Both shame and guilt bother modern people, including many Muslims. Nowadays, we abhor public shame and resent the feeling of guilt. 5 Many of those raised in religious households lament that “[l]ife was all don’ts and dark thoughts.”6 The concept of such guilt is even propagated on primetime television. In an episode of “30 Rock,” Jack Donaghy (Alec Baldwin) explains after learning that Tracy Jordan (Tracy Morgan) converted to Catholicism:
Jack Donaghy: That's not how it works, Tracy. Even though there is the whole confession thing, that's no free pass, because there is a crushing guilt that comes with being a Catholic. Whether things are good or bad or you're simply... eating tacos in the park, there is always the crushing guilt.
While funny, the sad reality is that this is also the sentiment of many Muslims today. Instead of guilt being constructive and focused on forgiving one's ethical lapses and changing one's behavior, it becomes destructive and experienced as self-loathing. As a result, Muslims are increasingly justifying immoral behaviors and engaging in interpretive gymnastics to carve out new space in the religion to accommodate sin. Though motivations may vary, one clear goal in changing public opinion about what is or is not moral conduct is to eliminate shame. Once a society no longer recognizes our sins, we can free ourselves of that “crushing guilt.” The unfortunate side effect is that the tenet of ultimate concern, shame before God, is lost.
This is not to deny a real need to condemn the abuse of guilting people into depression; however, we should realize that guilt is one of the first steps toward repentance to God, rectitude in oneself, and reconciliation with others. Not condoning improper behavior is a sign of a healthy society. Feeling guilty for committing a sin is an indication of a sound heart.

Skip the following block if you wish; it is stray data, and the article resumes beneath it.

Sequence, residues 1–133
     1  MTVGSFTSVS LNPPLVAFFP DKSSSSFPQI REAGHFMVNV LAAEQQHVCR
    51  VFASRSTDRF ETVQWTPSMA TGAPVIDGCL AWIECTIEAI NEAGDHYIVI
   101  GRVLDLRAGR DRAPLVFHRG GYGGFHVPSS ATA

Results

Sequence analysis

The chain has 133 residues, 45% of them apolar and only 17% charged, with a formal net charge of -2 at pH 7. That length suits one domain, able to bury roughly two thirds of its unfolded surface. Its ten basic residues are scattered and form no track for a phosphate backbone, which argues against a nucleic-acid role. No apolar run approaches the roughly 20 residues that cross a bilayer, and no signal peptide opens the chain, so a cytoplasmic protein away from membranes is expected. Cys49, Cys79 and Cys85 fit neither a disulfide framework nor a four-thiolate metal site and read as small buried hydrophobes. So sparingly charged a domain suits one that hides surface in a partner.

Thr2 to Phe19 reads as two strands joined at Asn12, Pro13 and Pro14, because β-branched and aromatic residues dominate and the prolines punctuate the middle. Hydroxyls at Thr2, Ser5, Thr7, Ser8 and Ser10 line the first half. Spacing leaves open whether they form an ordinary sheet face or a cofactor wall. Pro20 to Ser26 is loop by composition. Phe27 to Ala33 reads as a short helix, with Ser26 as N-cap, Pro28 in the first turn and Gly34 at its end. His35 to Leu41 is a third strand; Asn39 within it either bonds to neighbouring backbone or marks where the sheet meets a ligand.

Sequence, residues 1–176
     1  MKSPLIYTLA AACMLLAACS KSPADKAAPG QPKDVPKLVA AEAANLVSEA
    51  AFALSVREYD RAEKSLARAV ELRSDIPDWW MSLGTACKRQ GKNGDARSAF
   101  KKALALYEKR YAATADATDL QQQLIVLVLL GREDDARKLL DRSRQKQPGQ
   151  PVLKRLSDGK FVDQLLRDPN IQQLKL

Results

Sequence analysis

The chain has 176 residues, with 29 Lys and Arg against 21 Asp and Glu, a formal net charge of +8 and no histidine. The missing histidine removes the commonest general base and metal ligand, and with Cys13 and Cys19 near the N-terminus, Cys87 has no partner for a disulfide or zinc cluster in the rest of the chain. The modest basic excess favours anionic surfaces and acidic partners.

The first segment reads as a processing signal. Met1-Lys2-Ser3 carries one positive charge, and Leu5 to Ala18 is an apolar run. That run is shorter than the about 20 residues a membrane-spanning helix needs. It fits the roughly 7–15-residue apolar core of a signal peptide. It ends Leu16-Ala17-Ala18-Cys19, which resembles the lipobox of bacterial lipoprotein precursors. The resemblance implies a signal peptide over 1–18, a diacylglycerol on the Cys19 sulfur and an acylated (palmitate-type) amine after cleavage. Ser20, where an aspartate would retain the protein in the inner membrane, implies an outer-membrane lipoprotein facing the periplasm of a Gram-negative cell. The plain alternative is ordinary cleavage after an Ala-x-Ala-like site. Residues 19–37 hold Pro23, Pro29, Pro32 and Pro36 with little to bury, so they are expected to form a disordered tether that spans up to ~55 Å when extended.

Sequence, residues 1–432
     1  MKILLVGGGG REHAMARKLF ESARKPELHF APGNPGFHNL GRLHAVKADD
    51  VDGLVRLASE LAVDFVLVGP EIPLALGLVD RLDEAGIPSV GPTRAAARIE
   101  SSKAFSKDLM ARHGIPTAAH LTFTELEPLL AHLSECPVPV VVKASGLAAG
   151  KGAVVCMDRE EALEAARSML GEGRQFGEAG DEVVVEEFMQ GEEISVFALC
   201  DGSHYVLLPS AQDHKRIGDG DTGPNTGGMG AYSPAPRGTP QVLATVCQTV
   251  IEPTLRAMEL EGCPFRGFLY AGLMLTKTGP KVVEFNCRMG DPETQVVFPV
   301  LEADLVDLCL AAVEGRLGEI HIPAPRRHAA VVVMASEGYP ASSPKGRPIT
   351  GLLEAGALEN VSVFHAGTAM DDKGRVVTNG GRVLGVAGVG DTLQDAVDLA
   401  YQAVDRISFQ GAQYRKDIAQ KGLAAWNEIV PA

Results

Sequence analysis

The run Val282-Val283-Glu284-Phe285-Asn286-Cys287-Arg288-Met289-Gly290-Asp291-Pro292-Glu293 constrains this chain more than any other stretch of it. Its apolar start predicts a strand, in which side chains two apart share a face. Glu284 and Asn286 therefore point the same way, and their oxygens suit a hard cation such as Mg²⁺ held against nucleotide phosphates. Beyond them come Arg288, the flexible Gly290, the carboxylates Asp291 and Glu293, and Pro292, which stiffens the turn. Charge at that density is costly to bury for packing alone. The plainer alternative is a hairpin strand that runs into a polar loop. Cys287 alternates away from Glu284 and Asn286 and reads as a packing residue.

The Story of Ka`b ibn Malik (may God be pleased with him)
The incredible story of the repentance of the great companion of the Prophet (may God bless and sanctify him and his family) Ka`b ibn Malik8 is illustrative of the spiritual benefit of a heart initially led by guilt. It also reinforces the benefit of repenting without excuse, and accepting legitimate community ostracism.
Ka`b himself tells of how he did not join the Prophet (may God bless and sanctify him and his family) in the expedition of Tabuk. He readily admits that he had no excuse, and that he was more than capable of joining the expedition. However, because he delayed readying himself for battle, he was left behind. Realizing that everyone had left, he became devastated. The only people exempted from the battle were those who had a valid excuse and the hypocrites, and he did not have a valid excuse, so one can only imagine what he must have felt! It reached Ka`b that although thousands of Muslims participated in Tabuk, the Prophet (may God bless and sanctify him and his family) noticed his absence. Ka`b did not entertain any excuses and made a firm resolution to confess the truth to the Messenger of God. Others offered excuses, and were forgiven, but Ka`b simply said: “By Allah, I have no excuse for remaining behind. By Allah, my situation was such that no one was stronger or more affluent than me when I remained behind.” The Prophet (may God bless and sanctify him and his family) said: “This one has spoken the truth.” He told Ka`b to go until Allah’s decree concerning the matter.